COVID-19 and Forestry and Land Scotland
FLS has reduced its operations to felling that is contributing to essential business requirements to help keep Scotland ticking over. Our staff are working from home where possible; staff who are working continue to practise social distancing rigorously following Government and NHS guidance to keep safe.
Fresh air and being outdoors benefits physical and mental health and well-being, and for local visitors the majority of walking trails on Scotland’s national forests and land remain open. Be aware that staff cannot maintain our standard checks and maintenance. All our mountain biking trails and all car parks are closed.
All visitors are reminded to maintain social distance at all times.
Gateway to one of Scotland's iconic glens
This is the gateway to one of Scotland’s most beautiful glens, watched over by Britain’s highest peak. But you don’t have to climb high or go far to enjoy some stunning forest, mountain and loch views.
Explore the full length of the glen by car or bike, or leave your vehicle at our Braveheart car park and follow the trails to explore the extensive remains of an Iron Age hill fort or to enjoy panoramic views across Lochaber and along the Great Glen.
Cow Hill circuit
A loop all the way round Cow Hill, the wee hill with big views. There's also an option to branch off the circuit to visit the top of the hill. Great views of lochs, Ben Nevis and the Mamores.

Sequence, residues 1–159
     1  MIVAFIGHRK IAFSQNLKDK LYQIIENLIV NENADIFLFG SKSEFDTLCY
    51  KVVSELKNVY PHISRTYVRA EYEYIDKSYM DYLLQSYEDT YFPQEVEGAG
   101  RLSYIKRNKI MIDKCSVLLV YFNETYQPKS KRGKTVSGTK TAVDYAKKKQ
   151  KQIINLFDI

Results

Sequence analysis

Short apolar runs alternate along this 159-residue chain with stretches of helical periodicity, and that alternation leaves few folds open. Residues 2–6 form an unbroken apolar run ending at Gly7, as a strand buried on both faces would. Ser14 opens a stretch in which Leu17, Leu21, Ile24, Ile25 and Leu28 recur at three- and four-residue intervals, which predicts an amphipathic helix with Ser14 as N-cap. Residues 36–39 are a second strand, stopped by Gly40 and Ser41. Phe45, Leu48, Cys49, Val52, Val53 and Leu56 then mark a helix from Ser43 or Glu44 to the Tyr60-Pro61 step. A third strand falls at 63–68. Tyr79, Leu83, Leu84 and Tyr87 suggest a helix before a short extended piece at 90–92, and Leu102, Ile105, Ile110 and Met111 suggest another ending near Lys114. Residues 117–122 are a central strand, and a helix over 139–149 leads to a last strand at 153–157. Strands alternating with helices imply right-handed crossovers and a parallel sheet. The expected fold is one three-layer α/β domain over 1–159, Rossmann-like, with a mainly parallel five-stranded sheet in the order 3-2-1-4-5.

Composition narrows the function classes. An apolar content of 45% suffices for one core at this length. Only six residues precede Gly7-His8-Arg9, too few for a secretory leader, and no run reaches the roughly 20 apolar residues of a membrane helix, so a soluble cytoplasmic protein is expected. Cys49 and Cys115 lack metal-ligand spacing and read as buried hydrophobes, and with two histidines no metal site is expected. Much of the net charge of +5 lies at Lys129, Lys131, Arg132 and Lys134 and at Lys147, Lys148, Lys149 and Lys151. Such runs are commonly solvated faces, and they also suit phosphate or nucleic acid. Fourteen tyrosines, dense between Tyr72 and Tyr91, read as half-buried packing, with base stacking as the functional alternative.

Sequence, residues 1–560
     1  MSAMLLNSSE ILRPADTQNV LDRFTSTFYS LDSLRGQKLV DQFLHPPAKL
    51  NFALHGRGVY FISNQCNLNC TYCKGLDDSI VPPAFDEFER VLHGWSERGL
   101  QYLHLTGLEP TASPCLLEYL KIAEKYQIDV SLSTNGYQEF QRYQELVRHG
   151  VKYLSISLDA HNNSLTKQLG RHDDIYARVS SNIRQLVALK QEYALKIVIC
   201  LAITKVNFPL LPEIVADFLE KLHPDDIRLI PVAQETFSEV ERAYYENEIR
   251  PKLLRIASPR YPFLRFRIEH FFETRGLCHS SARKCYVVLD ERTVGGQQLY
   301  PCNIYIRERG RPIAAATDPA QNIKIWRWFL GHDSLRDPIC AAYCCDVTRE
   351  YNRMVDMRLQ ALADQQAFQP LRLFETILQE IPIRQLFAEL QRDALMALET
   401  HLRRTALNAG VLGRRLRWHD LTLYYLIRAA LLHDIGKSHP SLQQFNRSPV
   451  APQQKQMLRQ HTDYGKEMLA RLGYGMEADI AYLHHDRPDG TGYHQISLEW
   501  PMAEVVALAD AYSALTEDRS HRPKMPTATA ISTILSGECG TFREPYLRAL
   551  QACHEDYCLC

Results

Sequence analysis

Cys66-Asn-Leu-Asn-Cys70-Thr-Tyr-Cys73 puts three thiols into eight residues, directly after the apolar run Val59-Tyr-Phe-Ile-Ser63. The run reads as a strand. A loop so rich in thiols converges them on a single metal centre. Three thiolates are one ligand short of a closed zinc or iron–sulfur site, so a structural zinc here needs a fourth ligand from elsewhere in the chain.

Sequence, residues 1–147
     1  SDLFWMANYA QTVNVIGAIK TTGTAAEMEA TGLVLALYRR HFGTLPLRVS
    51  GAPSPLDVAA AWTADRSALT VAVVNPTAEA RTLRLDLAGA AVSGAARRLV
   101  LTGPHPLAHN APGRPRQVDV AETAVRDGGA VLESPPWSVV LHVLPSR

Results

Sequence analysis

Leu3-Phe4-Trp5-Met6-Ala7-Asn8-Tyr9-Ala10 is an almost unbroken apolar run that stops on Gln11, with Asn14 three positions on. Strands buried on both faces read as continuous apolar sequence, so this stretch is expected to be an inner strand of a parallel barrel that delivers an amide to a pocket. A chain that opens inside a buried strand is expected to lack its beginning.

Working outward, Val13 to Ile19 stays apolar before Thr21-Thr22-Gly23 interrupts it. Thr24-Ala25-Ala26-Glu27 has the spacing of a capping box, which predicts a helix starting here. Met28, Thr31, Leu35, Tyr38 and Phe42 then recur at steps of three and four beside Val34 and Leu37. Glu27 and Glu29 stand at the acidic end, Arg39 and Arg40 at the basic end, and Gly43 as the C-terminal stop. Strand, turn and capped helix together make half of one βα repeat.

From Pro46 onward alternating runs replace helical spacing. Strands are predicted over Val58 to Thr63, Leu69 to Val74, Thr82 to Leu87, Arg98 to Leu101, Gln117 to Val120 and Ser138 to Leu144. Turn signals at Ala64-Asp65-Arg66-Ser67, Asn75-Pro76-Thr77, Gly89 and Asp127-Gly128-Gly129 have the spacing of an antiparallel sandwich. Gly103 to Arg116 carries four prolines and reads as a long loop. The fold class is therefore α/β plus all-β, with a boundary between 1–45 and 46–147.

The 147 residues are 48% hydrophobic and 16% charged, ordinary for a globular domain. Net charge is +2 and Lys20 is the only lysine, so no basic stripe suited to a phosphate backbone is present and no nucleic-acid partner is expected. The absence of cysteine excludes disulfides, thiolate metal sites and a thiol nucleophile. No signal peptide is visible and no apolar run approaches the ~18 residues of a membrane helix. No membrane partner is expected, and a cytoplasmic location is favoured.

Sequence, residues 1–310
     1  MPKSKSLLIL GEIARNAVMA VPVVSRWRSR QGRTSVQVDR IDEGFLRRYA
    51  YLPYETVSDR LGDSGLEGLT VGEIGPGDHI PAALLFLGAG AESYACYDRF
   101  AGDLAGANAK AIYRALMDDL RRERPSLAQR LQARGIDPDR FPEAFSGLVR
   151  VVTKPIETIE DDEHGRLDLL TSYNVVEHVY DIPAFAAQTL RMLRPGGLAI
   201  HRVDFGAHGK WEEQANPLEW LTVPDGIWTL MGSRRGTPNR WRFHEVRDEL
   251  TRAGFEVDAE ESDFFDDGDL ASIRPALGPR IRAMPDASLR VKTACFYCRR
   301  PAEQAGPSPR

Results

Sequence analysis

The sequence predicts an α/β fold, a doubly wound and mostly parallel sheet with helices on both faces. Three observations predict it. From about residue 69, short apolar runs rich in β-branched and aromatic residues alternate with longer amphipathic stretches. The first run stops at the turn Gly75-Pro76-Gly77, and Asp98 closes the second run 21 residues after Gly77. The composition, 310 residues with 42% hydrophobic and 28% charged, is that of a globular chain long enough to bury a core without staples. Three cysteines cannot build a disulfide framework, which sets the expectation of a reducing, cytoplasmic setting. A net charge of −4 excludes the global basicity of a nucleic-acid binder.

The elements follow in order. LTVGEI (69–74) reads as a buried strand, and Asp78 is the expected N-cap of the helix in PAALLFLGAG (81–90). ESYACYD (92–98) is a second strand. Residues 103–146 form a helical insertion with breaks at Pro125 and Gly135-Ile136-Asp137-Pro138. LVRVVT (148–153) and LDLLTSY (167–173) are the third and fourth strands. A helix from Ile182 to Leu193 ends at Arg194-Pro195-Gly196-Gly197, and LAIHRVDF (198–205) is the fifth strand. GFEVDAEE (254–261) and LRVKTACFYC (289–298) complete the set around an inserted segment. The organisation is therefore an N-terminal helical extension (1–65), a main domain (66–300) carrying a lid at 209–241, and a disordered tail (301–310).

Mostly wide, firm path although some short sections can be narrow, loose or rough.
Allow 2¾ hours
The section of trail on the south of the hill is known as the ‘Peat Track’ – local crofters used it on their way back from cutting peat for fuel, and it has the best views of Ben Nevis. The trail is popular with mountain bikers as well as walkers: on blind corners, be aware there might be a biker just round the bend.
Dun Deardail trail
Walk up through the forest to the open summit of this important iron age hill fort. Great views, enjoyed by people here for thousands of years.
A long, moderately steep climb. The path to the fort is steep and rough, with uneven stone steps.
Allow 3½ hours
This longer trail has a real sense of adventure. It’ll take you through the forest and onto the open summit of Dun Deardail (pronounced "dun jerra-dil"), an Iron Age hill fort. People lived here in a compound that would have had several round huts, encircled by a rampart. See if you can spot the grassy remains of the outer wall. The views of the glen and Ben Nevis from here are spectacular on a clear day.
Glen Nevis is the starting point for the classic walk up Ben Nevis. It's a popular challenge, but don't be tempted to undertake this walk on a whim. It's a long, arduous day of hillwalking for which you'll need to pack food and drink, warm and waterproof clothing, and sturdy hillwalking boots. The summit can be freezing cold with near zero visibility even at the height of summer, so take a map and compass too. Find out more about the route at WalkHighlands.
Facilities & access
There are plenty of public toilets and places to eat, drink and stay in Fort William and wider Glen Nevis.
From Fort William head along the Glen Nevis road for about ¾ mile. The Braveheart car park is on the right-hand side of the road.
PH33 6PF is a postcode on Belford Road. Continue up the Glen past this spot to find the car park.
Get in touch
Have a question or suggestion for improvement?